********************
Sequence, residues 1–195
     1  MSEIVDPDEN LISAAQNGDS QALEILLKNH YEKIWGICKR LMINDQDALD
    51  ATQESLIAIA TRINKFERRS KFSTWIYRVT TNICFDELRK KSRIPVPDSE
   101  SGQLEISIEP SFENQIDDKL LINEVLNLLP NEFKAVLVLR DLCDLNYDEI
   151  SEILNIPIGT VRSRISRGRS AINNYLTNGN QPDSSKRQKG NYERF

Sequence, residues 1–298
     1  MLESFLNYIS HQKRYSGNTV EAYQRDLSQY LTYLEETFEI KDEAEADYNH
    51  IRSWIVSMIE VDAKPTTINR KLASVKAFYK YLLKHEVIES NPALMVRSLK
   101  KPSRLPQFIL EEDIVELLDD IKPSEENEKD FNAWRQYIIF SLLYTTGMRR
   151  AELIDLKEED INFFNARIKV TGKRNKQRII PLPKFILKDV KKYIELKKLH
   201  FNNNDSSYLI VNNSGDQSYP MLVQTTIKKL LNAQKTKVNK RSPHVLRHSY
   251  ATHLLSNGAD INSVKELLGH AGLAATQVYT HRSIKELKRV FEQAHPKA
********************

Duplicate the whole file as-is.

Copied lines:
Sequence, residues 1–195
     1  MSEIVDPDEN LISAAQNGDS QALEILLKNH YEKIWGICKR LMINDQDALD
    51  ATQESLIAIA TRINKFERRS KFSTWIYRVT TNICFDELRK KSRIPVPDSE
   101  SGQLEISIEP SFENQIDDKL LINEVLNLLP NEFKAVLVLR DLCDLNYDEI
   151  SEILNIPIGT VRSRISRGRS AINNYLTNGN QPDSSKRQKG NYERF

Sequence, residues 1–298
     1  MLESFLNYIS HQKRYSGNTV EAYQRDLSQY LTYLEETFEI KDEAEADYNH
    51  IRSWIVSMIE VDAKPTTINR KLASVKAFYK YLLKHEVIES NPALMVRSLK
   101  KPSRLPQFIL EEDIVELLDD IKPSEENEKD FNAWRQYIIF SLLYTTGMRR
   151  AELIDLKEED INFFNARIKV TGKRNKQRII PLPKFILKDV KKYIELKKLH
   201  FNNNDSSYLI VNNSGDQSYP MLVQTTIKKL LNAQKTKVNK RSPHVLRHSY
   251  ATHLLSNGAD INSVKELLGH AGLAATQVYT HRSIKELKRV FEQAHPKA